Though, a quick read, it was enjoyable. For example: Who is Bob and how did he become your uncle? As someone who's fascinated with linguistics in general, I loved this book. I was frustrated most of the time reading this book. Some of the words are so very common that they have long ago jumped the ocean and are in everyday use here. Instead, it was a few, which demonstrated to me how our two countries' shared language differs.
Who has added it her pile of things to read. I feel that I should start off this review by admitting that I've never been to Britain. The title pretty much explains the premise of the book--a dictionary of common British phrases, with brief explanatory paragraphs for context, separated into category-based chapters home, food, etc. Why do we refer to powerless politicians as âlame ducksâ? I loved reading about the origins of some common and not-so-common British idioms. With those words and phrases were some interesting origins, but most of those were just a descriptions of things Americans already knew.
I have a weird obsession with England a. I received this book through Greatread's first-reads giveaway program. Why do we refer to powerless politicians as âlame ducksâ? Before gutters and street drains were in common use, houses had wide eaves to allow rain to fall far from the walls and windows. The explanations are relatively short a paragraph or a bit more and moving onto the next entry. I tend toward the former way, of course, but the latter makes sense to me, too.
Very informative, but not what I was expecting. Not as good as I'd hoped. For example: Who is Bob and how did he become your uncle? Many of the included slang is also frequently heard in America although a few phrases coined as American were unfamiliar to me. And I find it difficult to believe that doolally is used or know by most Brits. For example: Who is Bob and how did he become your uncle? How did âposhâ become such a stylish word? Why do we refer to powerless politicians as âlame ducksâ? I totally recommend this book to those who would like to add a little Brit to their talk or just want get a little bit more understanding of the basic British slang.
And lo and behold, it seems to have come about because of Cockney rhyming slang: Donkey's years Meaning A very long time. Disclaimer:A copy that has been read, but remains in excellent condition. It isn't exactly groundbreaking though and you can find other books of a similar nature I think 'Stuff That Brits Like' is very similar to this in format. Otherwise I'd recommend the library but I wouldn't rush out to read it either. For example: Who is Bob and how did he become your uncle? Some of the words are so very common that they have long ago jumped the ocean and are in everyday use here. It's arranged roughly by theme with words associated with that particular theme food, people, language, manners and mannerisms, etc. For a more fun look at British colloquialisms see the glossary in any of Louise Rennison's hilarious juvenile novels.
If you are an Anglophile at all, or if you enjoy learning about the history of languages, you will enjoy this. I expected that this book was of the same ilk but it was not. Pages can include limited notes and highlighting, and the copy can include previous owner inscriptions. If you are traveling to Great Britain and want an essential guide to assist you through the journey, I suggest you find a good drinking mate and totter along with them to see you though. Overall, this book is ok, I don't recommend reading it with a family with younger children although you can just skip the words , but overall it was a decent reading experience, but at least the cover is cute! Nevertheless, I plan to add some to my lexicon. This short little book looks at some common and not so common British words and phrases. I was frustrated most of the time reading this book.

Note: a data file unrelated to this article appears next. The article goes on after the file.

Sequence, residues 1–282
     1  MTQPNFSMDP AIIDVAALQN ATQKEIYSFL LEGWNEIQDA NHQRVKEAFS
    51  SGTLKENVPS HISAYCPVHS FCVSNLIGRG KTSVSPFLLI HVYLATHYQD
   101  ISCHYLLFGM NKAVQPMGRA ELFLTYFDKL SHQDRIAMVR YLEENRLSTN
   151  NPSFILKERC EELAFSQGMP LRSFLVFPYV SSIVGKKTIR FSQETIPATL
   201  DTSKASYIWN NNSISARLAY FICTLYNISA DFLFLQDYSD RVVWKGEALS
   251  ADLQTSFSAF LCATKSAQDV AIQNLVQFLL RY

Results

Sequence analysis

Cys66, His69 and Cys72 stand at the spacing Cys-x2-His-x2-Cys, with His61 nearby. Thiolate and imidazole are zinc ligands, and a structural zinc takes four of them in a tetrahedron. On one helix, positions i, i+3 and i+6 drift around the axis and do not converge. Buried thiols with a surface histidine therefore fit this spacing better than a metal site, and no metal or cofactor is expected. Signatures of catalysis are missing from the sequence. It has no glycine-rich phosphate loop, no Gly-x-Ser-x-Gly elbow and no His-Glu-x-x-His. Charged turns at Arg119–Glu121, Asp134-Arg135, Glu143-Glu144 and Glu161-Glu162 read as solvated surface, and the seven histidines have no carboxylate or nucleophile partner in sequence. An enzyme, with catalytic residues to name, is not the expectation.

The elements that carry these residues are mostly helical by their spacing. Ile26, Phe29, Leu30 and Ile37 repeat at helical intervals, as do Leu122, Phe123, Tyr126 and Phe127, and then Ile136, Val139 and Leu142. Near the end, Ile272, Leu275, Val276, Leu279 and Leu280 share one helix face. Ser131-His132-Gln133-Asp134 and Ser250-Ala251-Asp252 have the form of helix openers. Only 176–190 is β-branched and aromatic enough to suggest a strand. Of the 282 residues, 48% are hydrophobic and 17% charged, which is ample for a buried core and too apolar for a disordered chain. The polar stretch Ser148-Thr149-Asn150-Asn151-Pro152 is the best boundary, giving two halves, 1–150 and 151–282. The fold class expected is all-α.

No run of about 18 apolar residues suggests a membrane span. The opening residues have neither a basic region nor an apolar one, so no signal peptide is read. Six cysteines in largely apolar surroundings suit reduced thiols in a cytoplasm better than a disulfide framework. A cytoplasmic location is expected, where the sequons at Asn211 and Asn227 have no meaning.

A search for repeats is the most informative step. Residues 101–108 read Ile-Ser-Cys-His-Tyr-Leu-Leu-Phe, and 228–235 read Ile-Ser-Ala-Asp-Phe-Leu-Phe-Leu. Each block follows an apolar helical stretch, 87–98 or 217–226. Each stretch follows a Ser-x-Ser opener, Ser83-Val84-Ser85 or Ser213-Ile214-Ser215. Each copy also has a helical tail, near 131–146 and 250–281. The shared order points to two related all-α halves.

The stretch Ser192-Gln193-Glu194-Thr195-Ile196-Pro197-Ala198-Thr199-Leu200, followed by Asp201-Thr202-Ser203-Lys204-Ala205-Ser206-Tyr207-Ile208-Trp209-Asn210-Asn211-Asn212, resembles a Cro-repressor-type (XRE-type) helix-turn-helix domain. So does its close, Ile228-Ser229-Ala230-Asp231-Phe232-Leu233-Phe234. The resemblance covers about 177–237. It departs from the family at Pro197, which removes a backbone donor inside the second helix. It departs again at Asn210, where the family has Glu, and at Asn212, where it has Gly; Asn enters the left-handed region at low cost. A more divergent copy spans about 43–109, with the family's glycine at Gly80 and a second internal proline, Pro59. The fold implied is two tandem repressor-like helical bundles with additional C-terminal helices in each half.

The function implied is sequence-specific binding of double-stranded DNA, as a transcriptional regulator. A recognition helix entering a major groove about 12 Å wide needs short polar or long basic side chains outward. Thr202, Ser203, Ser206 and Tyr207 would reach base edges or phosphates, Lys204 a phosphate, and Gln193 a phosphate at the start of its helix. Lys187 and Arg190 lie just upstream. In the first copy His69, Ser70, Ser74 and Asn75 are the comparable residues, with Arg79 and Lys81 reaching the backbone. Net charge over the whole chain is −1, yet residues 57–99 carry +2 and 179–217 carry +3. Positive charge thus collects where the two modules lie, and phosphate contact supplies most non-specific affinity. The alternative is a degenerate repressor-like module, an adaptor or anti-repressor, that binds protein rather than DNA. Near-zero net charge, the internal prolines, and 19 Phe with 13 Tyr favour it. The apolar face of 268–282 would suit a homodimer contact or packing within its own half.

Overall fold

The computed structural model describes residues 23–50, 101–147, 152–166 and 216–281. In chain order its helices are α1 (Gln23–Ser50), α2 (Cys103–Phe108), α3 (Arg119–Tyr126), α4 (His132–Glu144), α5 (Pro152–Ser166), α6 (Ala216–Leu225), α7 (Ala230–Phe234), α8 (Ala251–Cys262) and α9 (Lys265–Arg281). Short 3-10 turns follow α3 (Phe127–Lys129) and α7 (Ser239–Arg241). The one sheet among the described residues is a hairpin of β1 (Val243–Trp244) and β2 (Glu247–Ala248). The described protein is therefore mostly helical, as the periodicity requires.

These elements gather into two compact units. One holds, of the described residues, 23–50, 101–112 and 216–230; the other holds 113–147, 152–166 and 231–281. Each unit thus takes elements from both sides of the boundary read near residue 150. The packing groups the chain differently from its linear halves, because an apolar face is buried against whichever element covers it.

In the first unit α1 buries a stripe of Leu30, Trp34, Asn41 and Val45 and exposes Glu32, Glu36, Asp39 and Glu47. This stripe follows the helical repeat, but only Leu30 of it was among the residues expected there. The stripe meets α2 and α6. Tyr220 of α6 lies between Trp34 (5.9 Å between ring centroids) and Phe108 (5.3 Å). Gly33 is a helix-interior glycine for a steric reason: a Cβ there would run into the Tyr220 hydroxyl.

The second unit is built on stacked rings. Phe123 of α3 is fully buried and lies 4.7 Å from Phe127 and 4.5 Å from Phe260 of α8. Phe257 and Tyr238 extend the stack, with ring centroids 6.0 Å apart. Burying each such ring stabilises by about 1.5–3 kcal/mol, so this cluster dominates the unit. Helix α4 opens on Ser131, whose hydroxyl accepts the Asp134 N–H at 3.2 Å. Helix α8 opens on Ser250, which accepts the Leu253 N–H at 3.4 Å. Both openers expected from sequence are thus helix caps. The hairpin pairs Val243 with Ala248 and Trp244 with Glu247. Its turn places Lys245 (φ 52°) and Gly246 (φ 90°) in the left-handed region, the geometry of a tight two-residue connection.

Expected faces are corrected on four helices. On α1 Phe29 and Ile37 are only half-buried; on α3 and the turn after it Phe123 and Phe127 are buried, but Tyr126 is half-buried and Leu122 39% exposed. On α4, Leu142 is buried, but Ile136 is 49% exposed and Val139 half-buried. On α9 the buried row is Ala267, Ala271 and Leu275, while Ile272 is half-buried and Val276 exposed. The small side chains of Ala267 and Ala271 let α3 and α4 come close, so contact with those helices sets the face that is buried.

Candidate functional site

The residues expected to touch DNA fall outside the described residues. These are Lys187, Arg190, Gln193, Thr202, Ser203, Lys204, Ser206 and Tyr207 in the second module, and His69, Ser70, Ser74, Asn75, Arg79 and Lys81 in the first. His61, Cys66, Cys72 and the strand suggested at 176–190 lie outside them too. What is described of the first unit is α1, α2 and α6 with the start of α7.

Still there was a fair bit of amusing word play here and on the whole the definitions provided, as well as the history lessons, were enlightening and fun. As a side note, I found that my mom used a lot of the sayings found in this book. There was a good opening chapter on language, society and changes to common usage. It isn't exactly groundbreaking though and you can find other books of a similar nature I think 'Stuff That Brits Like' is very similar to this in format. Luckily, I'm an Anglophile and knew what it meant, but most Americans would be at a loss. So, one did; namely, I did.
How did âposhâ become such a stylish word? The book did frequently give some good historical context but overall it provided both too much and too little content to be satisfying. Now that I've read it, I will ship off my copy to my English mother since it will surely give her a chuckle or two. Pricing is shown for items sent to or within the U. Dust jacket quality is not guaranteed. I ordered this book and didn't realize it was only 116 pages.
This short little book looks at some common and not so common British words and phrases. In the British code of behavior, this simply isn't done, except of course, these days, in the interests of national security. Moore made a name for himself on this side of the pond with the sleeper success of his previous book, In Other Words. I liked the quick and succinct history lessons included in each definition. I'm so glad to have received this book for free through Goodreads First Reads :! Hence eavesdroppers were those who listened in to private conversations. It is more like a humorous dictionary than a book, and would be a perfect coffee table book or a present for anyone who will be visiting the British Isles. But the writing is light and breezy for the most part, some of the inclusions are either fun, head-scratching or suspect as to the veracity of the actual reality of the word.